Social Problems Related to Poverty or Wealth Ginger Voight Economics plays a significant role in society, and extreme poverty in conjunction with extreme wealth can lay the foundation for many problems for humanity as a whole. These problems are felt the world over.
Info Poverty is Not Inevitable: We have the money to solve this. But do we have the will? Pearl Street, New York City. Photo by Eric Magnuson. Dean Paton posted Aug 20, Inequality and poverty are suddenly hot topics, not only in the United States but also across the globe.
Since the early s, there has been a growing underclass in America. Despite this, the resulting inequality went mostly unnoticed. When the Great Recession of hit, and the division between the very wealthy and the rest of us came starkly into focus, various people and groups, including the Occupy movement, began insisting more publicly that we tax wealth.
But still, helping the poor has been mostly a discussion on the fringes. At last, the terms of public debate have changed, because inequality and poverty now are debated regularly in the mainstream media and across the political spectrum, not solely by labor, by the left, and by others imagining a new economy.
Click here to subscribe to YES! Inserting such a controversial topic into mainstream discourse is French economist Thomas Piketty. His page tome, Capital in the Twenty-First Century, shocked everyone this year when it made The New York Times bestseller list and bookstores found themselves backordering an economics book for legions of eager readers.
Piketty did exhaustive searches of tax records from Great Britain, France, and the United States, going as far back as the late 18th century in France.
Using sophisticated computer modeling and analyses, the professor from the Paris School of Economics debunks a long-held assumption—that income from wages will tend to grow at roughly the same rate as wealth—and instead makes a compelling case that, over time, the apparatus of capitalism grows wealth faster than wages.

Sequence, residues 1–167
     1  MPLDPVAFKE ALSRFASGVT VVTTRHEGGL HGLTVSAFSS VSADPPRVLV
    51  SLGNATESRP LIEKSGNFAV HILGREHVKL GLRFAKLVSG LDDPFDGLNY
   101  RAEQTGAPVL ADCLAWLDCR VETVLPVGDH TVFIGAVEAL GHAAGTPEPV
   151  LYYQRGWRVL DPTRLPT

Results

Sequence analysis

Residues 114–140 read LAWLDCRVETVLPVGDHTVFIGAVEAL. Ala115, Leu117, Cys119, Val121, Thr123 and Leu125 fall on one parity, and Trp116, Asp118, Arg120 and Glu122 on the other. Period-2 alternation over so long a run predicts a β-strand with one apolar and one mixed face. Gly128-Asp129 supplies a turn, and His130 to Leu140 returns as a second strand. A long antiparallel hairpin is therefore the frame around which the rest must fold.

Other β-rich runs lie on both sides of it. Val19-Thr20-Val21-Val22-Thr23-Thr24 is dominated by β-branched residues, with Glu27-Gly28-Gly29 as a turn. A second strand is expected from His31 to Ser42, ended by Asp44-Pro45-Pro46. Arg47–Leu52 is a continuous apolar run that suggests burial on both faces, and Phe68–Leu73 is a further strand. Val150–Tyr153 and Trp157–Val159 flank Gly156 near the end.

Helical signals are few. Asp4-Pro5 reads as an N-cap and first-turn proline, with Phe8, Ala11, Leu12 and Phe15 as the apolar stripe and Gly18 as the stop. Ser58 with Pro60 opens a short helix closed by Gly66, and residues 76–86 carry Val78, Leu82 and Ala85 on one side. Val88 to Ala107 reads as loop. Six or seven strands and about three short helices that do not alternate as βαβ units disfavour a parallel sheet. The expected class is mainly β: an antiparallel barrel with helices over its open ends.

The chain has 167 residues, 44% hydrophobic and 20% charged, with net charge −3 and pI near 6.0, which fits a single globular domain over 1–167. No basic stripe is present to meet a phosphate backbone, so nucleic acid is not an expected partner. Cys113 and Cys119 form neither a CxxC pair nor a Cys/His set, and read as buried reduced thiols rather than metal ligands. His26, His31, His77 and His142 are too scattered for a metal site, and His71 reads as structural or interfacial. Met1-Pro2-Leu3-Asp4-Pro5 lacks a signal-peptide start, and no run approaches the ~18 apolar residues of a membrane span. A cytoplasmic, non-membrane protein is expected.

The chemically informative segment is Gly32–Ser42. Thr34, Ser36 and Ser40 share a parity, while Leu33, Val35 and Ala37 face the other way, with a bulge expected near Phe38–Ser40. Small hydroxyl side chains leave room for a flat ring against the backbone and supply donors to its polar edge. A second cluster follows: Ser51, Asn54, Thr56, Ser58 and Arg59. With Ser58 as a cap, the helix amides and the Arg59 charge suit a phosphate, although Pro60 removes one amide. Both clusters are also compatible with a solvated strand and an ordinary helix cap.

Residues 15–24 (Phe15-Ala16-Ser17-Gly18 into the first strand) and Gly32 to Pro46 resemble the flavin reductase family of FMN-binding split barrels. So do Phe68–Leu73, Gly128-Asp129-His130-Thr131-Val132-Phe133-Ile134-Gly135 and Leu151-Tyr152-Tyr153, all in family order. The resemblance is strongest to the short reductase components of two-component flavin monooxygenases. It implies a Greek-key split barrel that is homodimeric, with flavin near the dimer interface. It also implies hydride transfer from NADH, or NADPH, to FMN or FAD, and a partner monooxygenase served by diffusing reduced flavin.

Unless we can reverse the inequality trends of the past 35 years, Piketty says, the ensuing social chaos will eventually destroy democracy. Unfortunately, not even Piketty sees much chance of all nations on Earth simultaneously enacting his tax plans. But at least he sparked a widespread discussion.
And fortunately, others have been digging deeply, thoughtfully into the same questions, and they have some practical as well as achievable ideas for reversing poverty and inequality trends. Despite his whodunnit title, Smith reveals the perps long before you finish the book.
The former New York Times reporter uses data and real-life stories to build a case against American CEOs and the politicians who do their bidding. Unless we can reverse the inequality trends of the past 35 years Between andSmith notes, U.
Between andyears that parallel a collapse of the middle class, U. Millions who created that wealth were thus pushed into poverty or to its precipice, while those who fancy a neomedieval economic system transferred billions in profits, generated by that labor, upward to themselves.